I've been avoiding speaking about Trump and Clinton, primarily because I feel hopeless when I read and watch election news. My stubborn heart drifts into fantasies of a first-ever, write-in win by the likes of Michelle Obama or Elizabeth Warren. This is idle escapism, but I did go so far as to google "write-in candidates," and I zeroed in on Dick Gregory's 1968 campaign.
This reminded me of when I was living in St. Louis, in the late 1990s, researching history about Dred Scott. My husband and I attended a discussion led by Dick Gregory at a local independent bookstore. Gregory bluntly asked the mostly white audience: what is "whiteness"? I remember that I couldn't do it, couldn't articulate it—no one satisfactorily expressed what whiteness is—but the question has been indelibly imprinted on my thinking about race since that night at Left Bank Books.
A recent article from the New York Times, originally published in the Interpreter, by Amanda Taub and Max Fisher, comes as close as anything I've ever read to answering that question:
Whiteness means being part of the group whose appearance, traditions, religion, and even food are the default norm. It's being a person who, by unspoken rules, was long entitled as part of "us" instead of "them" (emphasis mine).by Taub and Fisher
Simply put: as a white person in America, I am not "other" in terms of race.
The article chiefly explores concepts of whiteness that are playing out globally in national politics. America is not alone in experiencing a rise of right-wing nationalism and so-called populist ideology. Another Times article cites right-wing and far-right ideologies growing in Austria, Britain, Denmark, Finland, France, Greece, Hungary, Poland, Switzerland, and a good many more.
The Taub-Fisher report offers a cogent hypothesis for this current swing of the pendulum, examining "white identity" issues and how that plays out in political arenas, where national and racial identities are frequently conflated. All of the angst and outrage about "losing our nation" and "wanting it back" boil down to this consideration. Quoting Eric Kaufmann, a professor of politics at Birkbeck College, University of London:
What does it mean to be part of this nation? Is it not "our" nation anymore, "our" meaning the ethnic majority? These kinds of questions are really front and center, even though they're not necessarily verbalized.Eric Kaufmann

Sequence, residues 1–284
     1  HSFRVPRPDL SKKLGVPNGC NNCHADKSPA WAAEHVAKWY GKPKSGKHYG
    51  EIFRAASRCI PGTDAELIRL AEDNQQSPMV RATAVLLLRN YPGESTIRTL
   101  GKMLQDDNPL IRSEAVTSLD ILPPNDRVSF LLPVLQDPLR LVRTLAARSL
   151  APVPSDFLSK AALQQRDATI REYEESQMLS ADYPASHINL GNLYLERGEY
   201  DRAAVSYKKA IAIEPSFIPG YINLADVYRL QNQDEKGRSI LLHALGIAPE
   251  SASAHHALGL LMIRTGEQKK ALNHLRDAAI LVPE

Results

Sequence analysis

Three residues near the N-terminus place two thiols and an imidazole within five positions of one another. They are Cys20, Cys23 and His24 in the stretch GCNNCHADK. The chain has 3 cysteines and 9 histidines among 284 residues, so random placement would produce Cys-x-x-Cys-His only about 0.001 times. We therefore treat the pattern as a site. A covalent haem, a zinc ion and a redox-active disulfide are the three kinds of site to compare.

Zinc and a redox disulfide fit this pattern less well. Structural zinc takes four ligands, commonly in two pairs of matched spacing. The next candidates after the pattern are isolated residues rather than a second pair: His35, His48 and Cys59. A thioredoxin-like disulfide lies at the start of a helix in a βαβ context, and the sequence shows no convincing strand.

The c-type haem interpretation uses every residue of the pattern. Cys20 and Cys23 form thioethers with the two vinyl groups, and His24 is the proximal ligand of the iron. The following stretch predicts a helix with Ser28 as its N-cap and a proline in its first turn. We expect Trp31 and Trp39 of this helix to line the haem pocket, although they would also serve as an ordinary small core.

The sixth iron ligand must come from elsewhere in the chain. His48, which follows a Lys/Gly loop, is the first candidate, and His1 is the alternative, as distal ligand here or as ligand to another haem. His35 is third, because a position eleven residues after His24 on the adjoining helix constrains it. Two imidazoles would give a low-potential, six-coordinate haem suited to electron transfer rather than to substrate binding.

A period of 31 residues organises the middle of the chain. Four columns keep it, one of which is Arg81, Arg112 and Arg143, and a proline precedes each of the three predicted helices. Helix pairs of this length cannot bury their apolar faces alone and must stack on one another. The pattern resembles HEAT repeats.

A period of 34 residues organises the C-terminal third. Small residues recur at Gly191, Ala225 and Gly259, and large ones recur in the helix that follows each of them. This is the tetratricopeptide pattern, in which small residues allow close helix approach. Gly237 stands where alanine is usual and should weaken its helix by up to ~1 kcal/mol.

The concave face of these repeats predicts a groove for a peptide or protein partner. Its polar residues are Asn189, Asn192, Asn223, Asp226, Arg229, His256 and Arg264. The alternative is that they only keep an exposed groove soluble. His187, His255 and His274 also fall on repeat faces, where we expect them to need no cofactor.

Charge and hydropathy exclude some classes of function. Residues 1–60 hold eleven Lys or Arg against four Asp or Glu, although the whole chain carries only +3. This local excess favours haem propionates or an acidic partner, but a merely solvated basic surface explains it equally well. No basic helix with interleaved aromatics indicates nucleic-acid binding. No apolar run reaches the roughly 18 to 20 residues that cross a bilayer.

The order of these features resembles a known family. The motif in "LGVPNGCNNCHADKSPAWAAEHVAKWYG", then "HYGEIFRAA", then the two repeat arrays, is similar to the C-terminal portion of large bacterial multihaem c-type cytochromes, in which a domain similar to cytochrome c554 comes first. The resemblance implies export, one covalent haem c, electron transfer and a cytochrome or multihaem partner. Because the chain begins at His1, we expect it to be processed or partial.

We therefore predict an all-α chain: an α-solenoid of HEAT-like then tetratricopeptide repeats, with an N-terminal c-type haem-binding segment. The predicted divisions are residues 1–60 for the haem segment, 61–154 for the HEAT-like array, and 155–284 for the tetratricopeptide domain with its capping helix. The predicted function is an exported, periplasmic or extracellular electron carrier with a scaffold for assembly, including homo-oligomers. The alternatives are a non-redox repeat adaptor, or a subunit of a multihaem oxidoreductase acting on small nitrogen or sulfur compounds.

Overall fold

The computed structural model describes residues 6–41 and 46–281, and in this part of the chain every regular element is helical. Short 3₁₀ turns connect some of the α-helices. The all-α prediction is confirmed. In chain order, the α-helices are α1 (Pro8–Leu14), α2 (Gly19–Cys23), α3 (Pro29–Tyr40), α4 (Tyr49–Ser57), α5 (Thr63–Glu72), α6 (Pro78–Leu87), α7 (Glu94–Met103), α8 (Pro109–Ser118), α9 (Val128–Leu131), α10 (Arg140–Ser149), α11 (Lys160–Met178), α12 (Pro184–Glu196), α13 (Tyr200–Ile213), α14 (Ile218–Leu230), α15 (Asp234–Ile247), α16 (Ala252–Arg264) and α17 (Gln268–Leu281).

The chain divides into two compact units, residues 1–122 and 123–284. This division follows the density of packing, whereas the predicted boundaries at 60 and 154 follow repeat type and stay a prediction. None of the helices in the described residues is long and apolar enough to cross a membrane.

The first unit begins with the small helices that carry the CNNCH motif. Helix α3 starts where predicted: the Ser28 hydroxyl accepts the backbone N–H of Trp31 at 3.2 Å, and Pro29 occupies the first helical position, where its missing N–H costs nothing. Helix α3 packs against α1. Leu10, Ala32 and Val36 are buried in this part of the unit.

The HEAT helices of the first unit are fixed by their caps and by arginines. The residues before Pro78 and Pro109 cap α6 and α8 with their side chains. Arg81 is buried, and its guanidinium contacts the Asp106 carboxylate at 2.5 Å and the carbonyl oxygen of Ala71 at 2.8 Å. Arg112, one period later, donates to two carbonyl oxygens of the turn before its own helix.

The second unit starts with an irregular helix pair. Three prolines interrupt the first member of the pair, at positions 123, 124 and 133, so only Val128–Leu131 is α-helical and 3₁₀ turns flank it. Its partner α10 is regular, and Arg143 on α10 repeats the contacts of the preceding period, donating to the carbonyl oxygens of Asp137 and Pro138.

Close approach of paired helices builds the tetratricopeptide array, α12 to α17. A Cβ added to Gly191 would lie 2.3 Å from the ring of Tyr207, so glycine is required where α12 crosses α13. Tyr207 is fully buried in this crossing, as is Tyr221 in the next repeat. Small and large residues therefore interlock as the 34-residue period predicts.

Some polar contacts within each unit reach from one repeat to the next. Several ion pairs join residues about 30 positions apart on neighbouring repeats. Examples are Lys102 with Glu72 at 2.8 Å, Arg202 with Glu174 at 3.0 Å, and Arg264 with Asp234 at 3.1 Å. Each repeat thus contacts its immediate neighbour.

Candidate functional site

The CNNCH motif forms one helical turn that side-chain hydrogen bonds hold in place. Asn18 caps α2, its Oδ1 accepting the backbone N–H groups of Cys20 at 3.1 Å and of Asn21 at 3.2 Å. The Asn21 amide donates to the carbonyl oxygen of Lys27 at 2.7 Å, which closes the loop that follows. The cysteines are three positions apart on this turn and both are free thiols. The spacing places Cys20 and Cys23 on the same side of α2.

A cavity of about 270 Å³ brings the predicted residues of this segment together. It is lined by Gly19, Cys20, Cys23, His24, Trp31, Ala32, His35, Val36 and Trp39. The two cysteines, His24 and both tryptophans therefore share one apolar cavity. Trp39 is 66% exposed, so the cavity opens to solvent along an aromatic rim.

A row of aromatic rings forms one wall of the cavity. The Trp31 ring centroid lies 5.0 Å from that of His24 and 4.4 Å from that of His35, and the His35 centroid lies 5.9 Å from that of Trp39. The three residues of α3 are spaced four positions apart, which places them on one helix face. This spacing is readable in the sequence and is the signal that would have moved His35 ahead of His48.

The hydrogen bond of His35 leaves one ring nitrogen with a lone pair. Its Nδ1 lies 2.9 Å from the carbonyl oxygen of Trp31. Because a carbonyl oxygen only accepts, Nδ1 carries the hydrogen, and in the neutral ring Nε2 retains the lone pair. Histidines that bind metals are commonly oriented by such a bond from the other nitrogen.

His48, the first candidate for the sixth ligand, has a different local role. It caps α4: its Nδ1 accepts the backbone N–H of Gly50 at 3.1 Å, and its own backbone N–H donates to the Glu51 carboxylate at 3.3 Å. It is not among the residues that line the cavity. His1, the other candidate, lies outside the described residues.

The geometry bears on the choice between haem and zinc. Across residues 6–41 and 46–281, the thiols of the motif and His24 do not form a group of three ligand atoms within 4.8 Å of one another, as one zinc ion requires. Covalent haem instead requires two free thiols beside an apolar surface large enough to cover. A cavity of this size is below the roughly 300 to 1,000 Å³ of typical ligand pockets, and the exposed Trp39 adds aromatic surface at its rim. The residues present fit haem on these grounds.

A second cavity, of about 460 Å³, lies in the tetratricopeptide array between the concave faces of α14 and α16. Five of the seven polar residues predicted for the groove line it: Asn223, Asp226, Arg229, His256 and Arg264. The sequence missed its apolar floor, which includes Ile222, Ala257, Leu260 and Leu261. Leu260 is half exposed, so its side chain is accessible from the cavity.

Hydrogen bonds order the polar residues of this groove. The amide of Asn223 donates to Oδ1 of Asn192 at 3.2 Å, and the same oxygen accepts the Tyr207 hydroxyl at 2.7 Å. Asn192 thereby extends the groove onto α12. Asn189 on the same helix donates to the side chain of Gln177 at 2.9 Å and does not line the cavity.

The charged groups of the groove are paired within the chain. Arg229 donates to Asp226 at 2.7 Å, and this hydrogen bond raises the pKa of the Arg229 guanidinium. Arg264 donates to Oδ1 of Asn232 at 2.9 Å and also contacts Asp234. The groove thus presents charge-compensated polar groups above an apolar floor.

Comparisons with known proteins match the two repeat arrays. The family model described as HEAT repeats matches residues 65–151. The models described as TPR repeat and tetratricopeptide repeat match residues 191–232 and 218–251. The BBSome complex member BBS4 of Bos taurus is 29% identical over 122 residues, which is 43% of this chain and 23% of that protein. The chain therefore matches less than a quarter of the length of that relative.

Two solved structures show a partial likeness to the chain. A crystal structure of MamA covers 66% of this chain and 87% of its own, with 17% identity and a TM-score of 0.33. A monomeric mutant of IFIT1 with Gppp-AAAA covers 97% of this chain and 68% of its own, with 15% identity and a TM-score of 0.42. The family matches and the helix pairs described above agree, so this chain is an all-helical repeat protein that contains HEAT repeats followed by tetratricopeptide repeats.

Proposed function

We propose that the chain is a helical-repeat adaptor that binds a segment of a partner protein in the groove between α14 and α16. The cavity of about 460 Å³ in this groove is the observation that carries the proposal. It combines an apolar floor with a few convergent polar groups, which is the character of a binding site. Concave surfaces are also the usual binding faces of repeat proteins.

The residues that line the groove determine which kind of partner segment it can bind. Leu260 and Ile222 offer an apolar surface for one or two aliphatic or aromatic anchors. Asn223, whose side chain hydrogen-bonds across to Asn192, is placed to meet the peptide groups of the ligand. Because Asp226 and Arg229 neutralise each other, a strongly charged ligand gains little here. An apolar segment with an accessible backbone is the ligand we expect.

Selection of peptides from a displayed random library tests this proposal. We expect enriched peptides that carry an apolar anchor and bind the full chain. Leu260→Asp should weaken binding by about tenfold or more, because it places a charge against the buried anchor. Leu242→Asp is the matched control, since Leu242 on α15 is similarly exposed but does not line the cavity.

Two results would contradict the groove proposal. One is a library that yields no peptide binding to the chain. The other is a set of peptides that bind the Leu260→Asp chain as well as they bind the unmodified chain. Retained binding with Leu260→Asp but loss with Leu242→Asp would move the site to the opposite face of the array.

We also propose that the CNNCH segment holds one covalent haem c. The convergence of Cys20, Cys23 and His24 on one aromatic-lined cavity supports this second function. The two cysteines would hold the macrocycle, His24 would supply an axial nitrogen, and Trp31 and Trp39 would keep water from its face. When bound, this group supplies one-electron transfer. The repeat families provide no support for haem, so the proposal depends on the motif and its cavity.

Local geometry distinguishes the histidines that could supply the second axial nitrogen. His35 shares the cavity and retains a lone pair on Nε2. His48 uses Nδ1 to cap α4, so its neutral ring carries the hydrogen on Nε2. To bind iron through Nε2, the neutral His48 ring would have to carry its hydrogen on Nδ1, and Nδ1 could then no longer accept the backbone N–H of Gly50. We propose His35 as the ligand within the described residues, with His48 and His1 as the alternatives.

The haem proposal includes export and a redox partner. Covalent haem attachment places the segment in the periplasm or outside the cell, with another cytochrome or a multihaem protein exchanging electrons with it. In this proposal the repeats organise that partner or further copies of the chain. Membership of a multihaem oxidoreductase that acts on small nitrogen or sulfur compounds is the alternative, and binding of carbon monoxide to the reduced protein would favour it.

Breaking down the concept of identity into "achieved" (by personal effort) and "ascribed" (based on innate characteristics), the authors make a strong case that the weakening of "achieved identity" is leading to a strengthening of "ascribed identity." As economic opportunities shrink, those who are struggling and see their children's prospects waning—those who cannot feel pride in their personal achievements—are more likely ". . . to get more self-esteem out of a communal identity such as ethnicity or the nation than you would out of any sort of achieved identity." (Kaufmann)
Describing the quest of the American Dream as waiting in a long line ascending a hill, the authors state:
Focusing on lost identities rather than lost livelihoods helps answer one of the most puzzling questions about the link between economic stress and the rise of nationalist politics: why it is flowing from the middle and working classes, and not the very poor.by Taub and Fisher
And here they make a crucial distinction:
The mantra [I want my country back] is not all about bigotry. Rather, being part of a culture designed around people's own community and customs is a constant background hum of reassurance, of belonging (emphasis mine). The loss of that comforting hum has accelerated a phenomenon that Robin DiAngelo, a lecturer and author, calls "white fragility"—the stress white people feel when they confront the knowledge that they are neither special nor the default; that whiteness is just a race like any other. Fragility leads to feelings of insecurity, defensiveness, even threat. And it can trigger a backlash against those who are perceived as outsiders.by Taub and Fisher
[T]he struggle for white identity is not just a political problem; it is about the "deep story" of feeling stuck while others move forward.
And for "others," read non-whites.
Earlier this year at a book-signing event, a woman in the audience asked me if I thought Republican opposition to President Obama was based on racial prejudice. I said I believed in large part it was. If I had considered the issues of identity posed by Taub and Fisher, I might have added:
Yes, but also consider this factor: many whites, consciously or not, are motivated by wanting to belong. Yet they've never questioned or understood that their sense of belonging has been built upon racial inequality. They've never paused to explore how they can achieve that sense of belonging without putting others down.
This is what we all can strive for: establishing or restoring the sense that we all belong. It doesn't have to be us vs. them.
So this is what I have to say about the elections: our next president (who is sure to be white) must explicitly represent all of America, just as President Obama did: he didn't just represent and lead blacks. Our president must communicate and demonstrate, leading by personal example, that we all belong.